As the pharmaceutical companies search for different economically viable ways of introducing new medicines, they are increasingly supporting ‘open innovation’ and entering into a large number of collaborations with other players. So far, most of these ‘collaborations’ have usually involved the pharmaco trawling the outside world for ideas that it can support relatively cheaply until the point at which the asset has been sufficiently de-risked to justify bringing it into the internal portfolio. This one-way traffic will increasingly be superceded by a two-way traffic system. Assets in the internal portfolio which either no longer fit a changed strategic direction for the company, or are forecast to give insufficient financial return, will be out-placed to be further ‘translated’ by other more suitable stakeholders.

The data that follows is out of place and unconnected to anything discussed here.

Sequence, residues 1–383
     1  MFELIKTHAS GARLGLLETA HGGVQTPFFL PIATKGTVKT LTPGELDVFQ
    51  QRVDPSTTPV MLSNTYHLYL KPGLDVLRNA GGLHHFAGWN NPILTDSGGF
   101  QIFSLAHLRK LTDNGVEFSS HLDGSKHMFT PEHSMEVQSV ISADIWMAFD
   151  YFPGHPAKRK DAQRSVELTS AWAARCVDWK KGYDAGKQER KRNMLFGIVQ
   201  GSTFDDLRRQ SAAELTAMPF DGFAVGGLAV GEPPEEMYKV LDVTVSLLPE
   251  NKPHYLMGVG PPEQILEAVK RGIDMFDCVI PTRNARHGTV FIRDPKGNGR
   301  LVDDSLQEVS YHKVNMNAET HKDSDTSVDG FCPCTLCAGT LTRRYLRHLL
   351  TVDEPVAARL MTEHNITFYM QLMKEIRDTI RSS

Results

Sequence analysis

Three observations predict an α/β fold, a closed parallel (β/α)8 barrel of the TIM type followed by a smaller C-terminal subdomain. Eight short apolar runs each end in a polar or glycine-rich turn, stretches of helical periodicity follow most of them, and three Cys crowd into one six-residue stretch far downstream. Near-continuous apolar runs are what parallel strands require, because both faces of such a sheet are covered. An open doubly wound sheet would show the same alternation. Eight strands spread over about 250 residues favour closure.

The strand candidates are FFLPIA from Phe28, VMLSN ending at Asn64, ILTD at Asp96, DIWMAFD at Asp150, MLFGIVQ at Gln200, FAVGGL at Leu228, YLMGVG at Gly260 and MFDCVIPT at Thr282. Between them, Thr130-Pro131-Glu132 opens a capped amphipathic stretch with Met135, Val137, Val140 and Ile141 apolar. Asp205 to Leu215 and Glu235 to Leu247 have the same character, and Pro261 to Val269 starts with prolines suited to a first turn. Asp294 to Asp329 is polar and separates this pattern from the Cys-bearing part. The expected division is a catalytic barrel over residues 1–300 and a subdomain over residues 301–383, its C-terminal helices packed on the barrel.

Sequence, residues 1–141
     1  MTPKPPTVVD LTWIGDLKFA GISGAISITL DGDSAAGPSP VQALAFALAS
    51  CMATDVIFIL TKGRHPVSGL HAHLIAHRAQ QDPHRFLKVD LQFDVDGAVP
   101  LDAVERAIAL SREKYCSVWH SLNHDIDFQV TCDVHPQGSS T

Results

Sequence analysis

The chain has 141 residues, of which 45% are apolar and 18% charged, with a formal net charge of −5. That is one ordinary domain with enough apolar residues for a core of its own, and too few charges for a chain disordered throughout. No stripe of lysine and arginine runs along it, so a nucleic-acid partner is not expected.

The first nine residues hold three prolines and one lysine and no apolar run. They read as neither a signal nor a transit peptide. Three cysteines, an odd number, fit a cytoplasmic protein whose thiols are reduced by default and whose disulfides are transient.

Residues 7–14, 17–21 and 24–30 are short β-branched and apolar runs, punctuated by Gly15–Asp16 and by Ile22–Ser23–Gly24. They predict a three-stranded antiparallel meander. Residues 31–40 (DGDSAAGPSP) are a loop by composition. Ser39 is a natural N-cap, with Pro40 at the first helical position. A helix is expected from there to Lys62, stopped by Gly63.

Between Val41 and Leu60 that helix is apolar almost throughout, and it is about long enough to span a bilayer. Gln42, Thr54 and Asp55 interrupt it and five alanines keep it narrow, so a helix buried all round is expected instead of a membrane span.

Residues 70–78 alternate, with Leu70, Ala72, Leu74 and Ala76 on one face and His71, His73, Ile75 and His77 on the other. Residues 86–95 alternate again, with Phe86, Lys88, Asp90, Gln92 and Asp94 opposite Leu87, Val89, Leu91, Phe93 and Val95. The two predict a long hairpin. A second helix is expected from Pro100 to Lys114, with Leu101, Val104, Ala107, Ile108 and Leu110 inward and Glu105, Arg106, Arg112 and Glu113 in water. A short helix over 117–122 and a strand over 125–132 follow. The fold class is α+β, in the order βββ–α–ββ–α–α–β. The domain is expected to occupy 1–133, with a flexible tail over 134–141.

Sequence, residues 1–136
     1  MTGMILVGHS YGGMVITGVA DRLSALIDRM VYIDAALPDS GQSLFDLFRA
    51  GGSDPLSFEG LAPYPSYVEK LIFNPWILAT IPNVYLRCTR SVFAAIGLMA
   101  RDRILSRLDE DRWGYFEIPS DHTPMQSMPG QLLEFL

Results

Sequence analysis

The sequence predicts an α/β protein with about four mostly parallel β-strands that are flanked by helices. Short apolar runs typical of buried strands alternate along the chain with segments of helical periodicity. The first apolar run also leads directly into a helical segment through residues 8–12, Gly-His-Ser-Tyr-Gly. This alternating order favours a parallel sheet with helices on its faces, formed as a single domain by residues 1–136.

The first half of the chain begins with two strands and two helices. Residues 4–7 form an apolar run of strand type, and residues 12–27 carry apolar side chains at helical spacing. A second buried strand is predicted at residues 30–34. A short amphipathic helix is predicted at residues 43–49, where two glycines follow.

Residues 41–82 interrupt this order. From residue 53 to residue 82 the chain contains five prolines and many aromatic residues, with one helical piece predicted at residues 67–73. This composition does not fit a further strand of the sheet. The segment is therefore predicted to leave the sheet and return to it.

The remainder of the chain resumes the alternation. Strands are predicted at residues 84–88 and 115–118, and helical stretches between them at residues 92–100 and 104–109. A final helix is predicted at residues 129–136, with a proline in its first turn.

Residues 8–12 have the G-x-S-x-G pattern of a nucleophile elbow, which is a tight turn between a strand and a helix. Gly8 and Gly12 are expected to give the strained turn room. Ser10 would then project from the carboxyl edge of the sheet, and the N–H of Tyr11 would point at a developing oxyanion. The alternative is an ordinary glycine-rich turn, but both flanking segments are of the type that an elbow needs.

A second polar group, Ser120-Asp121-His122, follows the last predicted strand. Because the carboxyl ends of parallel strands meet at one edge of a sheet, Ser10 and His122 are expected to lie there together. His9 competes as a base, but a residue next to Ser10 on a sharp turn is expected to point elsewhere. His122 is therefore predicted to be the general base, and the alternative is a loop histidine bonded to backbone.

The field of new medicines discovery is rapidly moving. We have real opportunities, through science advances and business innovation, to efficiently and effectively ‘translate’ the evolving understanding of disease biology to provide the drugs that will support and promote the health and well-being of future patients.
These exciting developments have encouraged One Nucleus to initiate a series of conferences on the topic. The first ON Helix Conference will take place on 9 July this year at the Wellcome Trust Genome Campus. Sign up now to hear experts in the field and to join the debate.
Written by Geoff Lawton, Founder, INMedD
Geoff Lawton is a founder of INMedD which will establish a drug discovery social enterprise.
The One Nucleus blog is written by individuals and is not necessarily a reflection of the views held by One Nucleus.